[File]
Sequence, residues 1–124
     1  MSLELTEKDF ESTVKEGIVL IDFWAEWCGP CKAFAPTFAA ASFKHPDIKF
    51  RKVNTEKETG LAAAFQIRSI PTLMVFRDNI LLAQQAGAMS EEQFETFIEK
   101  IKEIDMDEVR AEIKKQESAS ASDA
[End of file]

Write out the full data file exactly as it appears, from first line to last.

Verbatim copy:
Sequence, residues 1–124
     1  MSLELTEKDF ESTVKEGIVL IDFWAEWCGP CKAFAPTFAA ASFKHPDIKF
    51  RKVNTEKETG LAAAFQIRSI PTLMVFRDNI LLAQQAGAMS EEQFETFIEK
   101  IKEIDMDEVR AEIKKQESAS ASDA